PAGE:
I have monitored news about the alleged German state-sponsored trojan closely ever since the German Chaos Computer Club posted information about it online. While there is not a definitive proof that it is indeed malware designed and operated by German police forces, it is definitely something that computer users need to be aware of.
I do not want to get into too many details at this point in time and suggest you read the long post over at the club's website to get a better understanding of what it can and cannot do. A binary version of the program has been uploaded to the club's website as well.
Only that much. The so called Bundestrojaner (federal trojan) works in its detected form on 32-bit Windows operating systems. The trojan targets software used for communication. This includes Skype, ICQ or the MSN Messenger but also web browsers. It acts as a keylogger and contains functionality to download and execute code from remote locations. It can furthermore take screenshots, record audio and supports remote updating.
The core issue here is not that such a trojan exists as it was openly discussed in Germany, but that the trojan is capable of going beyond what the German Federal Constitutional Court allowed police forces to do with it.
While it appears to be more of a local German issue, it is not completely out of the question that the trojan was planted on computer systems of foreign nationals.
Security company Steganos has released a first version of the - German only - Anti-Bundestrojaner, a software to detect the trojan on 32-bit Windows systems. The software is free and portable, and can be downloaded from the Steganos website with a click on the Jetzt Herunterladen button. Update: The download is no longer available.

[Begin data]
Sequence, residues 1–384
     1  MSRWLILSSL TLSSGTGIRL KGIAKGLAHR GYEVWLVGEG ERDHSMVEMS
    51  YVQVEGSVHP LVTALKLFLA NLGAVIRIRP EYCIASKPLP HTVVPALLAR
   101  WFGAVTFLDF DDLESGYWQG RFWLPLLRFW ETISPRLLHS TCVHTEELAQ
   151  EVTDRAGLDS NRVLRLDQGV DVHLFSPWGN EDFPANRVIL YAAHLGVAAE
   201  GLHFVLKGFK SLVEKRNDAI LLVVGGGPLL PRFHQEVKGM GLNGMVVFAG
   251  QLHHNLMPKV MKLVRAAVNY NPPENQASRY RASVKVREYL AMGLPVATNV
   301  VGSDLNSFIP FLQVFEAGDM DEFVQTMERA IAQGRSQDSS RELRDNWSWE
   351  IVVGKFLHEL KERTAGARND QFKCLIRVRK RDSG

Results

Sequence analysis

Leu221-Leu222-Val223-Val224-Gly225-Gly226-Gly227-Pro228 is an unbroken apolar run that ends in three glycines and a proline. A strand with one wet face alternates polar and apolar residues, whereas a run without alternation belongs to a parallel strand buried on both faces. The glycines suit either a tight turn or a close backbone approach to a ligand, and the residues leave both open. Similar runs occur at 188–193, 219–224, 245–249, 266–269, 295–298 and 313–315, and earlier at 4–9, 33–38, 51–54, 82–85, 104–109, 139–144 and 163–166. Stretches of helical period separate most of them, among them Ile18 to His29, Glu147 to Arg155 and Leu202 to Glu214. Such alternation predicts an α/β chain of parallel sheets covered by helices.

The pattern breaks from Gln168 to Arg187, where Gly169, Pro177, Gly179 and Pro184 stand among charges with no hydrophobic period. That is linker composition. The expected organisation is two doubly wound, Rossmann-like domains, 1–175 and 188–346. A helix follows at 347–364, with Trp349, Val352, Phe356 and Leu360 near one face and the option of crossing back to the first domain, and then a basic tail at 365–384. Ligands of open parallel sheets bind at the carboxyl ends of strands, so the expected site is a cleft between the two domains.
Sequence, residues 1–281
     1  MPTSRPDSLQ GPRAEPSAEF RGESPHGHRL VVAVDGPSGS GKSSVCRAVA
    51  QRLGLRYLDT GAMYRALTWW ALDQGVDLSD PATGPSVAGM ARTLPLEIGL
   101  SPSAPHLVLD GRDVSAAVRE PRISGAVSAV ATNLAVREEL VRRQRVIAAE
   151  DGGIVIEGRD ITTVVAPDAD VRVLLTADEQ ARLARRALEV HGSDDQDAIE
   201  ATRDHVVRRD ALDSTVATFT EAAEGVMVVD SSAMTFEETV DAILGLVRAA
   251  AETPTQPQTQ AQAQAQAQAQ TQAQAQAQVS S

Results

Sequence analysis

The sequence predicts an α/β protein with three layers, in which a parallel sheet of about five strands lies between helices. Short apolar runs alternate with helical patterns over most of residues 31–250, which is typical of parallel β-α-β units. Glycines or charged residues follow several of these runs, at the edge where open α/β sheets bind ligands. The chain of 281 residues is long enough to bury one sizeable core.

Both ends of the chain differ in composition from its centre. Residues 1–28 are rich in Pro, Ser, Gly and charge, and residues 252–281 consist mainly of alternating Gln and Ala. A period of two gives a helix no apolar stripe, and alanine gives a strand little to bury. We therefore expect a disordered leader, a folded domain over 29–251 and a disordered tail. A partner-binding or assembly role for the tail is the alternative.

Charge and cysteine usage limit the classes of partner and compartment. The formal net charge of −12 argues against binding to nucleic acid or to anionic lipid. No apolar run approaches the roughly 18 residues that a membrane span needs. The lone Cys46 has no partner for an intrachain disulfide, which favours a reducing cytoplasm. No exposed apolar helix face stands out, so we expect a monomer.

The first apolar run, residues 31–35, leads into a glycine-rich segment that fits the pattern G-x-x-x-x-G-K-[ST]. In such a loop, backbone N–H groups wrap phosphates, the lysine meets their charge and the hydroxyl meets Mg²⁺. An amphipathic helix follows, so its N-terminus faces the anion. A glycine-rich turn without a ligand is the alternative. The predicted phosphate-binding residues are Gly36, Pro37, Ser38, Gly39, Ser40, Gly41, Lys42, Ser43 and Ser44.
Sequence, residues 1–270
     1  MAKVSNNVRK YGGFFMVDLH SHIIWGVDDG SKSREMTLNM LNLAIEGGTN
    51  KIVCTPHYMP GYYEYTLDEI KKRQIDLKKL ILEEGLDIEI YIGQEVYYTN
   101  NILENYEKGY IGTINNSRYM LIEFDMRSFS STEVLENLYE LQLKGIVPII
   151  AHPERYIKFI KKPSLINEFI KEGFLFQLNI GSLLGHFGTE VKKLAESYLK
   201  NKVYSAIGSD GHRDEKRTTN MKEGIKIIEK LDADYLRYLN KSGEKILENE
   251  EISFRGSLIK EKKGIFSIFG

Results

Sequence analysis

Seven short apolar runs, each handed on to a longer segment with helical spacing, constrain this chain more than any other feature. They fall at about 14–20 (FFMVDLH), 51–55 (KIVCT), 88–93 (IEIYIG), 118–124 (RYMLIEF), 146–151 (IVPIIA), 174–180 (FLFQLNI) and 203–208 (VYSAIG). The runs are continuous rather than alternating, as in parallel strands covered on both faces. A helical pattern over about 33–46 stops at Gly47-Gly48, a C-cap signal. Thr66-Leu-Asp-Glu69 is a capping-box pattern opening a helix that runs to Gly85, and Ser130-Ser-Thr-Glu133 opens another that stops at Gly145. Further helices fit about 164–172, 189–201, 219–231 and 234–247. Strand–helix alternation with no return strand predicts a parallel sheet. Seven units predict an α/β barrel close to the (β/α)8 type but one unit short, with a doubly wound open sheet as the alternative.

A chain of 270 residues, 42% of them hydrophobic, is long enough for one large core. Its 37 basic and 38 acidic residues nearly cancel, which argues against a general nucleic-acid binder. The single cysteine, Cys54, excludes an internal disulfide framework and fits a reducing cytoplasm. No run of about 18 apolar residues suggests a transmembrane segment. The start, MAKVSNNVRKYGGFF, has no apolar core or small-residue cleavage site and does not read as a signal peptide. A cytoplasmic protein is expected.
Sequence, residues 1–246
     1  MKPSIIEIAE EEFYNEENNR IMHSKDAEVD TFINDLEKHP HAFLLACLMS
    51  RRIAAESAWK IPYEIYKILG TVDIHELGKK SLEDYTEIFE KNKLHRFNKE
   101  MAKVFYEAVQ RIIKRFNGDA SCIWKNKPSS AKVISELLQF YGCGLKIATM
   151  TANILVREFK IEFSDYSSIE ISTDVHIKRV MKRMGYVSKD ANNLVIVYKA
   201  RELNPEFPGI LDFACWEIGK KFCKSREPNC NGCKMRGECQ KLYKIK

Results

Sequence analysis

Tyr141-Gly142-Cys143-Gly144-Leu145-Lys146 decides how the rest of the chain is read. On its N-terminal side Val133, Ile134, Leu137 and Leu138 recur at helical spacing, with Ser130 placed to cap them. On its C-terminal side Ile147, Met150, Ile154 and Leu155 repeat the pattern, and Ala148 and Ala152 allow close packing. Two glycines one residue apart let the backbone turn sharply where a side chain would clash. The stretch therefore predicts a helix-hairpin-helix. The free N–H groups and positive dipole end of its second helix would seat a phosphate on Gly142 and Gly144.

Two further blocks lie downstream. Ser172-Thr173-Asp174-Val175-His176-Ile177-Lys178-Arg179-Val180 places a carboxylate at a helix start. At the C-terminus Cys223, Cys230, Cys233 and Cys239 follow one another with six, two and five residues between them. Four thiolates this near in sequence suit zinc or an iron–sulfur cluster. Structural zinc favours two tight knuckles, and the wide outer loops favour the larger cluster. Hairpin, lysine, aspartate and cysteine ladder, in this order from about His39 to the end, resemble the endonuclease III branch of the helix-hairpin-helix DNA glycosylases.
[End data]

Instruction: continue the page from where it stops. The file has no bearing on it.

All that you need to do is to run the program and click on the Analyse starten... button in the interface. This starts the system scan.
The security software scans the system and will display findings in the interface. It will scan the system for drivers and libraries, and try to make a connection to the remote servers of the trojan. A red icon in front of a line followed by the word Kritisch (critical) means that it has detected a file belonging to the trojan.
If that is the case a popup will be displayed prompting the user to either selected Ja (yes) to delete the identified files or Nein (no) to leave them on the system.
If you select yes you are asked to reboot the system after the deletion completes. Select ja to reboot right away or nein to reboot at a later time.
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Ghacks is a technology news blog that was founded in 2005 by Martin Brinkmann. It has since then become one of the most popular tech news sites on the Internet with five authors and regular contributions from freelance writers.